Tales of Britain

By Jem Roberts

The finest, funniest stories of England, Scotland & Wales, refreshed for the 21st century. By Brother Bernard, as told to Jem Roberts.


‘Being bored at school is just the worst – especially when you skipped breakfast.’

During King Arthur’s lifetime, in the hilly Brecon area of central Wales, there was a small but respected school in the tiny valleyside village of Llanspyddid. The students there were of all ages and abilities, but the brightest pupil of them all was probably Cadoc.

He’s more commonly known as Saint Cadoc, but young Cadoc was certainly no saint. He yawned through his classes, gazed out of the window daydreaming at clouds, and spent more time doodling than studying. This wasn’t because he was a bad lad at all, he was just far too bright for the lessons taught by his boring old teacher, Bachan. Cadoc had already travelled through Britain and Ireland learning so much about life from all angles, but he had returned to his Welsh home and was forced to sit through tiresome lessons such as…

‘And that, boys and chaps, is how we know that God created the mermaid to test us all. Now, get out your Science textbooks, and I will tell you all how flat the Earth is, and how quickly the sun spins around it. ARE YOU LISTENING TO ME, CADOC?’

Cadoc’s gaze left the window, and he turned to face his teacher in a flash. ‘Sorry, sir, no sir, I wasn’t!’ the dreamy lad replied – proving that he was anything but a liar. The teacher sighed, and continued to drawl his bad lessons to the dozy class.

It wasn’t just that Cadoc was bored of hearing these silly ‘facts’ he was quite certain were all far from correct, either. It was a humming hot day and everyone in the classroom had only had half a handful of green oats and a few hawthorns to eat that week, and it was nearly suppertime. The whole valley for miles around was in the grip of a terrible famine, and no grain was being grown in the stodgy, rotten fields. Cadoc’s ribs were sticking out of his tunic, and sometimes he got so hungry he was tempted to teach himself how to eat leaves, like the goats.

Suddenly, the teacher Bachan squealed, and leapt up onto his chair.

‘Eek! A mouse!’ the teacher screamed, and pointed with terror at a small, white, whiskery mouse who had appeared out of a hole somewhere in the classroom. ‘Someone deal with it, please, it’s looking at me funny!’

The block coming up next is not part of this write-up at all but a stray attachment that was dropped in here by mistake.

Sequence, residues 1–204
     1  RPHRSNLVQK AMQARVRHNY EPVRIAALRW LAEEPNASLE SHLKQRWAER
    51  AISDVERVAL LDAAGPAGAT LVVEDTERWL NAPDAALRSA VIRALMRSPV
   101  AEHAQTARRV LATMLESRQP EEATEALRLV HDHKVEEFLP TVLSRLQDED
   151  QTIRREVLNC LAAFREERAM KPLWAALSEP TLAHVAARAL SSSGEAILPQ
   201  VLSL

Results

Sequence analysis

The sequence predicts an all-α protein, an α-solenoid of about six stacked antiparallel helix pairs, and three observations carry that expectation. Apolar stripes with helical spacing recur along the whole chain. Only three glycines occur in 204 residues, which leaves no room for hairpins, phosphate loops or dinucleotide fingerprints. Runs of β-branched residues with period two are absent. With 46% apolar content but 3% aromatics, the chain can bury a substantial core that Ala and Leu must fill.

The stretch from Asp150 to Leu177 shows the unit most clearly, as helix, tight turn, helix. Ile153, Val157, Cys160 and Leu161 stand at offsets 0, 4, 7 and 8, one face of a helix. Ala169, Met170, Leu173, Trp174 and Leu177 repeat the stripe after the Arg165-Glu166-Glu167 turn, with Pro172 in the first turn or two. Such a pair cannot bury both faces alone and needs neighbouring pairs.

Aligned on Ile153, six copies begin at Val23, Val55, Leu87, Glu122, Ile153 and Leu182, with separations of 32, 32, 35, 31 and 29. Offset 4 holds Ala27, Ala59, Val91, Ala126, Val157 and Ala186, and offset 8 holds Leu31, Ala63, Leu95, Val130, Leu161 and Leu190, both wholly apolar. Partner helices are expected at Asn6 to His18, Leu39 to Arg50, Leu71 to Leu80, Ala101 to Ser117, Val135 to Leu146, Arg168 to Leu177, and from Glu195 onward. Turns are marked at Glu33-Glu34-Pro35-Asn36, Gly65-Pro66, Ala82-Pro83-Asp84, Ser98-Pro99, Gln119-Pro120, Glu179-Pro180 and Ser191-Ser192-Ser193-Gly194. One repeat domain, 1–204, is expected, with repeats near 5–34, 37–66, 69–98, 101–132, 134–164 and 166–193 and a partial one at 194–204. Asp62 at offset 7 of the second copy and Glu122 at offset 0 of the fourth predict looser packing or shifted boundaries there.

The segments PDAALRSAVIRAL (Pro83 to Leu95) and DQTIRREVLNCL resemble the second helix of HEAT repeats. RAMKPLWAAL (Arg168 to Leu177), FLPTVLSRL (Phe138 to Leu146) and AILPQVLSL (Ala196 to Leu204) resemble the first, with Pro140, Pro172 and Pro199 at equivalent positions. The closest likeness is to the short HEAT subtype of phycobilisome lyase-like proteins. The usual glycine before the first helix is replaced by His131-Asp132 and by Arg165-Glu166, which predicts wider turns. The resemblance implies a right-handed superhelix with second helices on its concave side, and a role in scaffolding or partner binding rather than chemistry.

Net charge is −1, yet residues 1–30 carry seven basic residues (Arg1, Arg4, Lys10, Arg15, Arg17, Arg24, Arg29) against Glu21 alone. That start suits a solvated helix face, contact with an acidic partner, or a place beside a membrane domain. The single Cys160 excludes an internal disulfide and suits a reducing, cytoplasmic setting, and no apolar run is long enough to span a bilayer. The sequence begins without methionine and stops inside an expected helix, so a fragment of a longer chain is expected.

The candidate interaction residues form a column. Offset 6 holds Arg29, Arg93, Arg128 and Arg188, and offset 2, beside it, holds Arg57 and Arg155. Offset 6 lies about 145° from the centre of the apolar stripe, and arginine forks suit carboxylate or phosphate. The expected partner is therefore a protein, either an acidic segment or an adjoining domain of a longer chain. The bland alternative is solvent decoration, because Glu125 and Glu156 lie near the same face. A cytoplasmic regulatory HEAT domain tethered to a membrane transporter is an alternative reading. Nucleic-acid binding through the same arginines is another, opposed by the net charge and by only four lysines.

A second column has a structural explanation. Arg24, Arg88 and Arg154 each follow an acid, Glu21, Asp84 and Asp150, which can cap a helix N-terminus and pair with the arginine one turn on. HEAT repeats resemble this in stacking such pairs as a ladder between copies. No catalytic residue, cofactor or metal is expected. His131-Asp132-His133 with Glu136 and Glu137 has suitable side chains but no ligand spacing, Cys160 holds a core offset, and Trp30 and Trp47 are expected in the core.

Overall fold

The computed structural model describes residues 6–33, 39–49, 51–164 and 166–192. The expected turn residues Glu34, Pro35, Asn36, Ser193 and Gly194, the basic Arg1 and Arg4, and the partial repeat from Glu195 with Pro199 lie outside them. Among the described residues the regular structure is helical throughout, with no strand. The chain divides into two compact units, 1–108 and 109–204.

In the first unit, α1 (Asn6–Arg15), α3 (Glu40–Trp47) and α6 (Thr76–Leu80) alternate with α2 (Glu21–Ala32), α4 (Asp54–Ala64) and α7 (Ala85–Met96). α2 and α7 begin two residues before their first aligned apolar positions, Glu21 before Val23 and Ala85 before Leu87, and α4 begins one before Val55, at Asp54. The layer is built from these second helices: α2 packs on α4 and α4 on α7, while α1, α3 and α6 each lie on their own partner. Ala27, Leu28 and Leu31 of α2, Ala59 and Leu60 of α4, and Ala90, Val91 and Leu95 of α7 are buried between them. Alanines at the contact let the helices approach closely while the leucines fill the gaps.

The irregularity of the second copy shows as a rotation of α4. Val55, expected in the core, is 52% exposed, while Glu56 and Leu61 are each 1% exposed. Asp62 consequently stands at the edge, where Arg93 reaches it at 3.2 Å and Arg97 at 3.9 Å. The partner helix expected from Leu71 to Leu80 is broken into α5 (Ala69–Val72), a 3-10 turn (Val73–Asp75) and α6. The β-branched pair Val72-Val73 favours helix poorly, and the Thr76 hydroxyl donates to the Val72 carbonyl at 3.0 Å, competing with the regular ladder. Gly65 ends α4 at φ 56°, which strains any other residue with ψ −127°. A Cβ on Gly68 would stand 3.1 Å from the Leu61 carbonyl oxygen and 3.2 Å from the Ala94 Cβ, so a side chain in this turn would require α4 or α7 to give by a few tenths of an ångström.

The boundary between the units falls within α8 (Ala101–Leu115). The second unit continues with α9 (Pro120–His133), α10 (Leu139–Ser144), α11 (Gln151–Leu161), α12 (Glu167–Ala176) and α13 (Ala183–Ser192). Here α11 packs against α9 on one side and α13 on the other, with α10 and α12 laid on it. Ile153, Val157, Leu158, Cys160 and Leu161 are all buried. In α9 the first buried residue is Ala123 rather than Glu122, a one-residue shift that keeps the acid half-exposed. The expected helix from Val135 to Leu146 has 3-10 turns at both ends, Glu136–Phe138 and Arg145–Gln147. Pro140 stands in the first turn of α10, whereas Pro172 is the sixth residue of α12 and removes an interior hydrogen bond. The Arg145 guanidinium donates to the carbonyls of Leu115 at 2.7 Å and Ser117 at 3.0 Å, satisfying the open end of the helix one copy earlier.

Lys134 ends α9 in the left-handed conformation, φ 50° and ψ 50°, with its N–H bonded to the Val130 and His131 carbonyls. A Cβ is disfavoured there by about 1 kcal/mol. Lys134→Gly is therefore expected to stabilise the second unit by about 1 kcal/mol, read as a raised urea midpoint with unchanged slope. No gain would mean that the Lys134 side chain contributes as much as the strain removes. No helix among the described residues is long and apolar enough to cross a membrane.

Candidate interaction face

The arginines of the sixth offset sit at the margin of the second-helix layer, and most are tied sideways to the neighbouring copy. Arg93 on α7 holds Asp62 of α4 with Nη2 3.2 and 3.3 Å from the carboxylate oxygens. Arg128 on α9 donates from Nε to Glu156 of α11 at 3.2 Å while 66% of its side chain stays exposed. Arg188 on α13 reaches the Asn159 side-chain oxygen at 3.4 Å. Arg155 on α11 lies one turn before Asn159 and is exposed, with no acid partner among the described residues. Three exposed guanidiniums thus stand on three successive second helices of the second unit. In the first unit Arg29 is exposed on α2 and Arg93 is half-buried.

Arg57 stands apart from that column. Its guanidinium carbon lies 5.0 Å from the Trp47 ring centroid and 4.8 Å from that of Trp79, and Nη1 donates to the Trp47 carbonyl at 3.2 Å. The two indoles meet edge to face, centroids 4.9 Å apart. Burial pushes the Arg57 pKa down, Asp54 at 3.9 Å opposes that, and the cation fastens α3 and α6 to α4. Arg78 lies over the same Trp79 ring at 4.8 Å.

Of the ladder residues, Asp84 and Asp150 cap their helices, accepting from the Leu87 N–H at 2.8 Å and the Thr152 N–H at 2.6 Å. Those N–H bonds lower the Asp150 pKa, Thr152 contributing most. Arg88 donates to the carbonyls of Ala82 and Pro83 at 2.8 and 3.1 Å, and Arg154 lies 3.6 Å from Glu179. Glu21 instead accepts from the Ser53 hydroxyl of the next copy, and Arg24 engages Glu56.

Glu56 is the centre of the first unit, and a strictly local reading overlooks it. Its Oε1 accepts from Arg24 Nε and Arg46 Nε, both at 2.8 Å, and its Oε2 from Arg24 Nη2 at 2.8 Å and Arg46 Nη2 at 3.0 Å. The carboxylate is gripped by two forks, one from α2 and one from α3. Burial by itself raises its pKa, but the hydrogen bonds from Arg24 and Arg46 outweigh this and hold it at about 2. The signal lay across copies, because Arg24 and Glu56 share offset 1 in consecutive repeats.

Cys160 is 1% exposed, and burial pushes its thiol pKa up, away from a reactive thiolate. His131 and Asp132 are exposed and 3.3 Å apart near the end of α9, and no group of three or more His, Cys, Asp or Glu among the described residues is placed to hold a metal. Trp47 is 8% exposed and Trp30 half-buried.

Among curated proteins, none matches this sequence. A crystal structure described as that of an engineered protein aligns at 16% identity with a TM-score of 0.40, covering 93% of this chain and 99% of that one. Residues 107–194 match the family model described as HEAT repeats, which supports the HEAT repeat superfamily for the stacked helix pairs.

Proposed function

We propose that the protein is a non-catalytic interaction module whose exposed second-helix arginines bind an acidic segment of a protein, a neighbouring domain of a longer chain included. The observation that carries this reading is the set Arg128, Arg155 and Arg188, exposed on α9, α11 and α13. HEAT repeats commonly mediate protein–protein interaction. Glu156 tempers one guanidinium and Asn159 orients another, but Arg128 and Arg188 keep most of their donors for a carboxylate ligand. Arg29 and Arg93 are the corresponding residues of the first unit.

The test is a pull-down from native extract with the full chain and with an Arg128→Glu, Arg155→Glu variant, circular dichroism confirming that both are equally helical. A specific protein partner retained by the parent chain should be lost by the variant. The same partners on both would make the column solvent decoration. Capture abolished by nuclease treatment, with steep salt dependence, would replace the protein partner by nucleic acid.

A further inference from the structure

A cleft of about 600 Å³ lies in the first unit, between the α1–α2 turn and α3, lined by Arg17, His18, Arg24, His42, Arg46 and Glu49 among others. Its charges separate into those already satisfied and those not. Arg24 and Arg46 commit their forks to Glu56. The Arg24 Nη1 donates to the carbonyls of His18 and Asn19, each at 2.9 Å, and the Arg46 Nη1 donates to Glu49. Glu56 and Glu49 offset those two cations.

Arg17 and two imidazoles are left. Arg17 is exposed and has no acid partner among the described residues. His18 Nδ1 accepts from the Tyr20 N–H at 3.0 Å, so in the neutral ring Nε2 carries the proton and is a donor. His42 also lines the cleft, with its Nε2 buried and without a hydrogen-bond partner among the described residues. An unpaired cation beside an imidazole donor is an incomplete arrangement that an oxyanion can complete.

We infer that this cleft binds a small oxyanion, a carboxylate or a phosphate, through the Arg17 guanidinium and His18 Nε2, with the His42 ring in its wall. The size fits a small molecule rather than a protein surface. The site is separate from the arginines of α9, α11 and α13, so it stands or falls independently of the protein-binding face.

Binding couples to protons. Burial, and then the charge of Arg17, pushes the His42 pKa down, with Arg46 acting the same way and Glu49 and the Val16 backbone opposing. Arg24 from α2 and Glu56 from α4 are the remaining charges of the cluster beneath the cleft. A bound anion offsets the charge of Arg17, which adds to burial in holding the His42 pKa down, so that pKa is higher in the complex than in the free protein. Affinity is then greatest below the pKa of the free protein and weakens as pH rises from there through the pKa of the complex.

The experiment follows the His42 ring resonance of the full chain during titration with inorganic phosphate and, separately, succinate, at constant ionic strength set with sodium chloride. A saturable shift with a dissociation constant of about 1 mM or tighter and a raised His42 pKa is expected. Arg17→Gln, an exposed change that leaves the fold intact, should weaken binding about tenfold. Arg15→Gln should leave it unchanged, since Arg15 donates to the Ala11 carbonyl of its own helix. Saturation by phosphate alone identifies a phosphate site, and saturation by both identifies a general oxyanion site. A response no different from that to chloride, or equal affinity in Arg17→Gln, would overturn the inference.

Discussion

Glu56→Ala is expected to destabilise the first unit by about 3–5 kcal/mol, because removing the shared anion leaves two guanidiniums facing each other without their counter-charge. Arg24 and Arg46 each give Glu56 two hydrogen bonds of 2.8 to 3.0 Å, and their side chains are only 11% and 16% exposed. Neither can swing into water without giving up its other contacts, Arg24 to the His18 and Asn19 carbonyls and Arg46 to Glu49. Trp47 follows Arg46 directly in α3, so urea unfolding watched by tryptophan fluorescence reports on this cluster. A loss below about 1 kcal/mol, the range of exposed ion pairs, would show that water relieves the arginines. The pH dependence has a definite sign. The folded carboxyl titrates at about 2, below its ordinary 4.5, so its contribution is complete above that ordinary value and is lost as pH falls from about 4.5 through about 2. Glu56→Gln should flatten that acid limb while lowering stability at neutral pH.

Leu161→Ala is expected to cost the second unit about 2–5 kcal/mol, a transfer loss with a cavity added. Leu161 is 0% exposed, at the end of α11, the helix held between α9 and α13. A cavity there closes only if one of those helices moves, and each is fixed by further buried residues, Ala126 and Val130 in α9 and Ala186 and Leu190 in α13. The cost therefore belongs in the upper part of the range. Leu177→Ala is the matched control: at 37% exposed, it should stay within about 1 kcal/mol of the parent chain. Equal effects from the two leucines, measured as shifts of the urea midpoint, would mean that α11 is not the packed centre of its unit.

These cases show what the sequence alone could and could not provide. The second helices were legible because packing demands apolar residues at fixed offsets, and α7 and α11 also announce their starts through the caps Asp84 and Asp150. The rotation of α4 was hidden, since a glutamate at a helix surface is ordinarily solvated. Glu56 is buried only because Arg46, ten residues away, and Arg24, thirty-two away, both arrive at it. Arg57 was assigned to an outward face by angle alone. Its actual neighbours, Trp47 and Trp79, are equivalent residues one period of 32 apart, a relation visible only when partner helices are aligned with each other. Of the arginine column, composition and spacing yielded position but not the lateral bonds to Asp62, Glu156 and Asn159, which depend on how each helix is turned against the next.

Cadoc sighed, and picked up the timid little rodent. Being a clever lad, he knew not to be afraid, but he also noted something very interesting. For miles around, the cows were bony in the fields, the horses were hungry for hay, and cats and dogs were positively eating each other in their craving for food, any food… And yet, this little mouse seemed rather plump and well fed?

‘Get rid of it, get rid of it!’ begged Bachan, but Cadoc calmly stopped him.

‘Sir, hang on, I’ve had rather a good idea for a wheeze here!’ The student replied, and fetched a long ball of string from his desk. ‘If I gently connect a length of this thin twine to the mouse’s leg, and then let her go outside…’

‘Yes yes, do it please, quick!’ the teacher cried.

‘Then maybe, if I just hold onto the string, and see where the little thing goes…’

The mouse pelted off towards the old hillfort at Coed Fenny Fach, just up the hill from the school, and Cadoc followed the string to a small hole in the ruins of an old castle which once had stood there.

Kneeling down on the grass, Cadoc began to dig at the hole, deeper and faster, until suddenly, he struck a hollow cavern of some kind, stone-enclosed and crumbling, and as he peered in, and let the sun shine through to the dark cavern inside, he saw it was absolutely filled with…

‘WHEAT!’ cried Cadoc with the biggest smile he had managed in weeks. In a cool, dry place wheat can survive for many decades and still be edible. Nobody knew who had hidden all the wheat in the secret granary at Coed Fenny Fach, but once it was all scooped out, it made enough bread, and cakes, and biscuits, to keep everyone safe from starvation for months, until the harvest finally came in again and they could feed themselves. There was even enough to share with the little mouse and all her family!

The teachers at Llanspyddid school thought that this was so clever of young Cadoc, they would give him an A star grade for all his classes, and he could finally graduate and get on with his life. He was always much better at teaching than being taught by other people, anyway. And his lessons were always fun.



‘If there’s no food left in the house – tie some string to a little mouse!’



For those of you who love a bit of adventure and going up and down very steep hills, the Brecon Beacons is a very exciting place to visit, as well as a beautiful one. There are a thousand and three different places to visit in this picturesque mountain range in South Wales, but if you’re keen to walk in Cadoc’s footsteps, you can pay a visit to the tiny village of Llanspyddid, and follow the mouse’s route up to the Iron Age hillfort of Coed Fenny Fach. The grain has all gone now though, so do take some sandwiches. fforestfawrgeopark.org.uk

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